Seems to me that this creates an opportunity, one in which the Lighting industry might be willing to put up some research money to help clarify whether the difference in light color (not brightness, as this editorial mistakenly states) between 3000K and 4000K lights is significant, and if so, what those differences would be. Maybe part of the cost of the research would be to pay for the restocking charges for the already purchased 3500-4500K luminaires and replacing them with 3000K luminaires. Maybe Westar would consider installing 3000K luminaires in Lawrence and running a study comparing impacts to residents, wildlife, etc. compared to the towns where they are installing their 4000K lights.

Instead of creating a firestorm of "right" and "wrong," which seems silly to do, why not contribute to science-based understanding of what is actually important? Many other towns could benefit from such a study, and we've set up an ideal real-world experiment if we choose to pursue it.

Lawrence is a leader in many, many ways, but sometimes the short term benefits of some innovation can result in long term drawbacks: we only have to look at our water pipes to see an example of that, no?

Carol Bowen 3 months, 3 weeks ago

Good suggestions, Ken. This lighting has the potential to become the next boondogle. We are a college town. We should be able to think through the options.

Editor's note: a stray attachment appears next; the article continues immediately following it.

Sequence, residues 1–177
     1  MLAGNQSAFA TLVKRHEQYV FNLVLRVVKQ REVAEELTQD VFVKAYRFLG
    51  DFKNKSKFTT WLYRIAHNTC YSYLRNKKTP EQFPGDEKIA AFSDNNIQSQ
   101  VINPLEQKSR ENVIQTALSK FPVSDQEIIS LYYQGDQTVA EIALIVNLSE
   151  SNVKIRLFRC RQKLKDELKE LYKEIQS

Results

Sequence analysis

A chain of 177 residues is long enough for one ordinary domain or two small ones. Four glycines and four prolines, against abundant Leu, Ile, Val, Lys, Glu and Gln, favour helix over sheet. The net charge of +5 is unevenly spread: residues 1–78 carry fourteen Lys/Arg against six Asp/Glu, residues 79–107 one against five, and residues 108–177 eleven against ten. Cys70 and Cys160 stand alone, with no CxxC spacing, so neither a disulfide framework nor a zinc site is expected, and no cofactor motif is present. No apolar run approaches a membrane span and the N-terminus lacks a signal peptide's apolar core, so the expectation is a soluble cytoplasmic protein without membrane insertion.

Michael Kort 3 months, 3 weeks ago

I'd like to know what the Insurance Institute for Highway Safety or The Federal Highway Administration has to say about this lighting issue as every manufacturer of anything loves their own product but with the recent attempts to dumb down the government the FHWA might not have looked into this issue as they might have done before .

Michael Kort 3 months, 3 weeks ago

Just remember that the lights over the meat counter have added green light phosphor so that the meat will appear red to your eye which is a trick of the eye .

Of course those halogen lights over the jewel cases make those stones to shine and shine but they won't look the same under incandescent or in everyday l

Derek Fehmers 3 months, 3 weeks ago

Blue LED streetlights are ubiquitous, but not the best solution. Ellipz Lighting has been making both Mesopic and Spectral Enhanced LED streetlights for 12 years already -- Red, Green and Cyan optimized for human night-time and indoor vision and NOT mimicking daylight at night. Progressive cities like London, Singapore, Amsterdam, Manilla, major highways throughout Europe, and organizations like Schiphol Airport and JPL-NASA have caught on to our better way to light up public and private spaces. People tend to choose what they know, and what they think are accepted norms. There are better alternatives to blue LED streetlights, using less energy for better, healthier vision.

Bob Smith 3 months, 3 weeks ago

Industry shill alert! Derek is VP of operations for Ellipz Lighting.

David Holroyd 3 months, 3 weeks ago

How about a white light. a yellow light any light in the middle of my block. It was taken down as the power lines were rerouted for removal of the water tanks.

Goes to show the commisssion and City Manager are not on top of anything...nothing.

Toni Wheeler, hows that roof coming along on the Mausoleum...cant' Porter give an update...?

Maybe even the mayor should check.

And since Mr. Markus wants money whereever he can get it...he is passing up a chance to sell the empty crypts that once had bodies in them. The should go fast even with a leaky roof...

What a SHAME that the commission order work started before Memorial Day.. they were to busy fussing over some art on 9th street.